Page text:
20 February, ’17.
I often think how significant it is — how the world for years and years has covered itself with a sort of armour. Very clever it all was. People with money and no brains, to cover their lack of brains hedged themselves around and called the hedge class distinction, even educated themselves in separate schools, using a different accent and form of speech. What a joke! Then along comes this war — more than a war, that word doesn’t describe it — and off has to come the armour, and a man is just a man — or not — as God made him. What surprises, what shocks must have occurred! But you can’t realize it as I can, because you have never seen the home life of England as I have.
Right here in our little shack is a splendid example. There’s a young Englishman millionaire, an ideal boy at a pink tea, able to talk rot to women by the hour, very careful in his appearance — and quite useless to any one. Along comes the war and dear little F. enlists; he is a duck in his uniform, and holds his own right up till he reaches the front line; then — falls all to pieces. Quite helpless — opinion worthless — just ignored. And then B.! Quite useless at a pink tea, would be unnoticed anywhere at home. He runs an electric crane or something for a living, has worked ever since he could walk, nearly. Here, where things matter, B. is looked up to, his opinion counts; he wins promotion; an ideal man to live with, a hustler and a man.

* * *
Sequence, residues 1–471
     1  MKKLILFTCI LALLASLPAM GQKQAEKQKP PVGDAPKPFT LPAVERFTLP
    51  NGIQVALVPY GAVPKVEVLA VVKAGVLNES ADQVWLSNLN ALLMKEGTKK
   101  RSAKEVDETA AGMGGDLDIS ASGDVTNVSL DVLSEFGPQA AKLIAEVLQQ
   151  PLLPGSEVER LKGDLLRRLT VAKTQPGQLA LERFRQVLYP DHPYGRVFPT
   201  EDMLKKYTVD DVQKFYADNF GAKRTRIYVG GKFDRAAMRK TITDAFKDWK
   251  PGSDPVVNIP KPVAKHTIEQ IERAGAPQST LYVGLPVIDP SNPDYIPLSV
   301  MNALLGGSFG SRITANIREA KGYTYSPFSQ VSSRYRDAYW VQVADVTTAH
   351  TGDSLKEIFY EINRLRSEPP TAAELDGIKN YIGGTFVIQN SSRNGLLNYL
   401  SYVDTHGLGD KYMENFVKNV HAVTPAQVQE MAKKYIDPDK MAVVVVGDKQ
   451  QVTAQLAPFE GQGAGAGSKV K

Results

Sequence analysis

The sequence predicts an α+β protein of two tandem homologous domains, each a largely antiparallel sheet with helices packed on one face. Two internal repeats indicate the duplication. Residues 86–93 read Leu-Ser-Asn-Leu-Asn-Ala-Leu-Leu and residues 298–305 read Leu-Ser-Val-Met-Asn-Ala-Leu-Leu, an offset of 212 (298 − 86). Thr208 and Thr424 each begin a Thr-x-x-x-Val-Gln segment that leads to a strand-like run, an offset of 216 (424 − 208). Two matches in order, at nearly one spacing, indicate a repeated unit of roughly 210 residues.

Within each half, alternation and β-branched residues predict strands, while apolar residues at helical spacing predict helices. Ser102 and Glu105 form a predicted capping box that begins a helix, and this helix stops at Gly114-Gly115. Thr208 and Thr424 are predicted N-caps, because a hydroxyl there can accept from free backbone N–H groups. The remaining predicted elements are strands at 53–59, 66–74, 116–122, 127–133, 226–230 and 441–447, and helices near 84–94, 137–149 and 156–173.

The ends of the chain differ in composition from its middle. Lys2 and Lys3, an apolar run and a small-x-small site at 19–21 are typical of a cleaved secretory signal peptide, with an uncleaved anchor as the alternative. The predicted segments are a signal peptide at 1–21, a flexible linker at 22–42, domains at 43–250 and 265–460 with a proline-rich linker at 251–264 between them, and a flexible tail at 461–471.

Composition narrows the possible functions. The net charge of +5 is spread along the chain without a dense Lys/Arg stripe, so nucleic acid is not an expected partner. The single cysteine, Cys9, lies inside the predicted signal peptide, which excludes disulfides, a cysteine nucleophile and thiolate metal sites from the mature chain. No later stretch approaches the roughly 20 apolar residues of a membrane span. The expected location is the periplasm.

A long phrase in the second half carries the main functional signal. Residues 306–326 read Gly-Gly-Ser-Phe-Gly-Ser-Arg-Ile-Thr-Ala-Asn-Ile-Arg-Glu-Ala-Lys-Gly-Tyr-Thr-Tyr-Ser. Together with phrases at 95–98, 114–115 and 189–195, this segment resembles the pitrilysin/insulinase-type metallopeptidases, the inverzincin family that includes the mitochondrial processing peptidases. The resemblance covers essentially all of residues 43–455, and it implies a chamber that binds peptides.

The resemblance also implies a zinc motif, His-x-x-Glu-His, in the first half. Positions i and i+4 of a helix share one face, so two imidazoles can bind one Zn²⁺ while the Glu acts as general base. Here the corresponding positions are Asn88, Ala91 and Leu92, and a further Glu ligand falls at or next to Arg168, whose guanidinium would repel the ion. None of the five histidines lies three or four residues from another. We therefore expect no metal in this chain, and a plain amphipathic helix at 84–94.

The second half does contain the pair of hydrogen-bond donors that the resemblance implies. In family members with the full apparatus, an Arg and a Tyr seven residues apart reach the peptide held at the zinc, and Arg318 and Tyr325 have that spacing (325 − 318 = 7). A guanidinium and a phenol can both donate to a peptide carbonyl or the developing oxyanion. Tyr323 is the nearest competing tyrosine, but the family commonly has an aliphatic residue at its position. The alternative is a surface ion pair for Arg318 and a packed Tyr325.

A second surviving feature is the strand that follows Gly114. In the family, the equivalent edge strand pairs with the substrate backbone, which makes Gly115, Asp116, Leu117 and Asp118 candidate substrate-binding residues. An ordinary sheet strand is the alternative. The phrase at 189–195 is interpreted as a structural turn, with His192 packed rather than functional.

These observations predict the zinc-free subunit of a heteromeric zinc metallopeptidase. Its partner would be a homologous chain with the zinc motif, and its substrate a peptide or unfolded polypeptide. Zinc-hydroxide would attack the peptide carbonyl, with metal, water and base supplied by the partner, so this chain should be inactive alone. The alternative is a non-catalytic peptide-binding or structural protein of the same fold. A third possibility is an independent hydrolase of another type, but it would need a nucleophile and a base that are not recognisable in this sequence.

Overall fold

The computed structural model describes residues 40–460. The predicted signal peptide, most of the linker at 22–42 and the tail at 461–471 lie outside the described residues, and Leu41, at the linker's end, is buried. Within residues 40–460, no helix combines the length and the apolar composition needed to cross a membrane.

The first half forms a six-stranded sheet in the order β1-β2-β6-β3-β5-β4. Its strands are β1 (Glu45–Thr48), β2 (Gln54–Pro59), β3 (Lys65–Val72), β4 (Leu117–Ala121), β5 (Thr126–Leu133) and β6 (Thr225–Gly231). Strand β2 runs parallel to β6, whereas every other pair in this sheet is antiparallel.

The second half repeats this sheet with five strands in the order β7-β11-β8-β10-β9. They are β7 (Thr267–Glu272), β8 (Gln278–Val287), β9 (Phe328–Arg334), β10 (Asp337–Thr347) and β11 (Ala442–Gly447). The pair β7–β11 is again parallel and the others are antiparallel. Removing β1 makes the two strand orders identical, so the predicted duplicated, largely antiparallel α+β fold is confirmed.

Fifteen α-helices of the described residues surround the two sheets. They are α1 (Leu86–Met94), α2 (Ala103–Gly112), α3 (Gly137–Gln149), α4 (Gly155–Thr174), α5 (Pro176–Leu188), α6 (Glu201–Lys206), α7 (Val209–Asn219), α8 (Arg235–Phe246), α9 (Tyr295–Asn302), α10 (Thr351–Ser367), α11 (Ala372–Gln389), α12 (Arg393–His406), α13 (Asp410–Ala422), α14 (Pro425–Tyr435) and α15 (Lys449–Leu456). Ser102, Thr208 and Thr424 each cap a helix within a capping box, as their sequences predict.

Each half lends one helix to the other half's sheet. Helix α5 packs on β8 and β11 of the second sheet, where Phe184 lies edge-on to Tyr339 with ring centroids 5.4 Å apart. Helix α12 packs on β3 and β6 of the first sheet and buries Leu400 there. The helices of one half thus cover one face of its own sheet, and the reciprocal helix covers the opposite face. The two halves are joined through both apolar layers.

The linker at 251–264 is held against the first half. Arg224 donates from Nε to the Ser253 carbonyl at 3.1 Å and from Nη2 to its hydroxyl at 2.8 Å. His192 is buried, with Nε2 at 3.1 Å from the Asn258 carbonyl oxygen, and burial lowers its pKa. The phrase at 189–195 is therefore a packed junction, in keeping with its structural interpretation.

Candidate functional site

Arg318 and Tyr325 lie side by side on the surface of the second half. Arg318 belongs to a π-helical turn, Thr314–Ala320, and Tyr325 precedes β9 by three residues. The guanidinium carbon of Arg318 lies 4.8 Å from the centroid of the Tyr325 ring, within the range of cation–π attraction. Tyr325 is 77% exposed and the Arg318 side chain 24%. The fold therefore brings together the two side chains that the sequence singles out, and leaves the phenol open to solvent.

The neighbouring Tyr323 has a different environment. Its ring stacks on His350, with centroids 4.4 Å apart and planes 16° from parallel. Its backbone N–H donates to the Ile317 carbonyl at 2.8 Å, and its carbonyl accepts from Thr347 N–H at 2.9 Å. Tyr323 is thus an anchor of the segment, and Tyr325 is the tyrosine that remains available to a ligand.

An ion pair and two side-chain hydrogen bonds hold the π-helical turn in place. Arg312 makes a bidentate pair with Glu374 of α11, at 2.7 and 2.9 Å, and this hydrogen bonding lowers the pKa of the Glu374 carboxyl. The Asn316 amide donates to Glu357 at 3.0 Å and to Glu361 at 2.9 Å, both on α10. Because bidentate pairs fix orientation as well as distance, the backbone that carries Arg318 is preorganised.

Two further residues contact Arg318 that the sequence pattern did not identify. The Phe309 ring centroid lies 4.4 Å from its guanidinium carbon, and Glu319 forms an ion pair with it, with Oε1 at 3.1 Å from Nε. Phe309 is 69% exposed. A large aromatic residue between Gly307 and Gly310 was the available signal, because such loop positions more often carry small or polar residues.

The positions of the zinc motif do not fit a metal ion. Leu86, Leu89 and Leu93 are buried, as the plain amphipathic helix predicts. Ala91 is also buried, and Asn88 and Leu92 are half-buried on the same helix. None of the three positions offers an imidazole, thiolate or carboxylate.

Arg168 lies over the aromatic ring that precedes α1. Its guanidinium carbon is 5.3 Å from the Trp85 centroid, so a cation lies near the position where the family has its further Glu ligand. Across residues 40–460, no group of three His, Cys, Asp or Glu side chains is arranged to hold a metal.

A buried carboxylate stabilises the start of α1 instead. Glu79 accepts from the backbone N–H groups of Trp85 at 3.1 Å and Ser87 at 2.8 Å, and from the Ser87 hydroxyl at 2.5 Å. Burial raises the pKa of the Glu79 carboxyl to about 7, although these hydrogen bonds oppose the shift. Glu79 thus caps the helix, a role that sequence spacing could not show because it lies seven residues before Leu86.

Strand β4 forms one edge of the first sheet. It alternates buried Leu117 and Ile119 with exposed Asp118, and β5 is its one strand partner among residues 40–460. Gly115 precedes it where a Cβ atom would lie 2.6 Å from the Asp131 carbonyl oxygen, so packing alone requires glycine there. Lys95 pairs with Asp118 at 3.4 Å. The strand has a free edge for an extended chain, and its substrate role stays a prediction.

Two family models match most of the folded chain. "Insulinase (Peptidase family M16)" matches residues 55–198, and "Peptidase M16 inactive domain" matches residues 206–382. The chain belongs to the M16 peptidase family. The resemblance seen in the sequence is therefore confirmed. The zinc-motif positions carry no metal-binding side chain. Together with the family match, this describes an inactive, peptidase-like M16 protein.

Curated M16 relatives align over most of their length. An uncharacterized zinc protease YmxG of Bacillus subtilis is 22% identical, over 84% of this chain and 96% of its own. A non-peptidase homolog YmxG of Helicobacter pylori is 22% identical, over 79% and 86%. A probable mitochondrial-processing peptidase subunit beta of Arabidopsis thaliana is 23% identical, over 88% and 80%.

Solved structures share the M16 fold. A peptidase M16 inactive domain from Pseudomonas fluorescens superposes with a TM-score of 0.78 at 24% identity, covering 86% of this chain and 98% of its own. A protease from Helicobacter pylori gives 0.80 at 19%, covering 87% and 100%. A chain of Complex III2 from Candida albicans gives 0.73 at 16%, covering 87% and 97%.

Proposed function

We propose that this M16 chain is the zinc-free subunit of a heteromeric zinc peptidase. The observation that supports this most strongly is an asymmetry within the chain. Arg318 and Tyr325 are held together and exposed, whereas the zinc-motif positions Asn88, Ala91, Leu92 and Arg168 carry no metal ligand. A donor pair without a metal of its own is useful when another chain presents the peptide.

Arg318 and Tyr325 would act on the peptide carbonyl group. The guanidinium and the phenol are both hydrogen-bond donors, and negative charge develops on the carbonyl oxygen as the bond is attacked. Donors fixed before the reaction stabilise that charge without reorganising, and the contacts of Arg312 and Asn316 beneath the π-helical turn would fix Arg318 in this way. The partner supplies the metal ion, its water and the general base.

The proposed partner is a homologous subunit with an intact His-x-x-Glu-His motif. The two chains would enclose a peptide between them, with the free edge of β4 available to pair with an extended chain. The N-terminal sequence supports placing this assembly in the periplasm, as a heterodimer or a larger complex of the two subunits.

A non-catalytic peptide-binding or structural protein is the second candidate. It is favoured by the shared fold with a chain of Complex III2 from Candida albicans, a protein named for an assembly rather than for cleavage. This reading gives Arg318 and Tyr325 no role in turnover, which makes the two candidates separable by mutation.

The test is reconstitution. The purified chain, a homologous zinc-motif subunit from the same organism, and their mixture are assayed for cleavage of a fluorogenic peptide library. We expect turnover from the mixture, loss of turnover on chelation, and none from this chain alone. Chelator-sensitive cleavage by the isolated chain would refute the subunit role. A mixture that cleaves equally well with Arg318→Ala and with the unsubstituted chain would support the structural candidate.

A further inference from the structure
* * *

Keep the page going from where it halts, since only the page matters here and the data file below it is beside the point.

Now — when it’s over what’s going to happen? Do we drift back in the same groove?
I tell you yes, with a slight difference, only — F. again will be the pretty useless doll (only more so as he’ll talk F. and war); but only till he gets in company with those who have been and seen. Then he’ll beat it, of course. B. will be as before, too. He’ll never talk war; but he’ll have added a number of staunch friends, friends for life.
And that is my opinion of how it will be. These cases are typical of many thousands of others; it just happens that I live with the two extremes.
There doesn’t seem to be anything else, just yet, happening between the U.S. and Fritz, but I really think it will be war. Lens has not opened up yet and there are no signs that it will lift. There’s a fellow I came up with from Le Havre due back tonight. I used to knock around with him quite a bit. He was LCpl. here. As he knew something of bombing they made him Sgt. Instructor. He learned on the Somme, by the way. He taught me here. One day while teaching a bunch of recruits, a fellow lost his nerve — they do sometimes — and after pulling out the pin, got scared and dropped the bomb into the next bay where there were three officers and a man. There was just five seconds to act. G. ran around the bay, picked up the bomb and just got it over the parapet in time. . . .